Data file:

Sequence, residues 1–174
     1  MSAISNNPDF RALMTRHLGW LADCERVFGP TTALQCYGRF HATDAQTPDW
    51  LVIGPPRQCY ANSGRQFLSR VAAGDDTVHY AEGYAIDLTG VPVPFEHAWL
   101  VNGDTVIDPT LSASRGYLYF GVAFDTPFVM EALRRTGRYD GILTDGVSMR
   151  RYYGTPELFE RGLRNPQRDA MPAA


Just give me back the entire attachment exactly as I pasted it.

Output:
Sequence, residues 1–174
     1  MSAISNNPDF RALMTRHLGW LADCERVFGP TTALQCYGRF HATDAQTPDW
    51  LVIGPPRQCY ANSGRQFLSR VAAGDDTVHY AEGYAIDLTG VPVPFEHAWL
   101  VNGDTVIDPT LSASRGYLYF GVAFDTPFVM EALRRTGRYD GILTDGVSMR
   151  RYYGTPELFE RGLRNPQRDA MPAA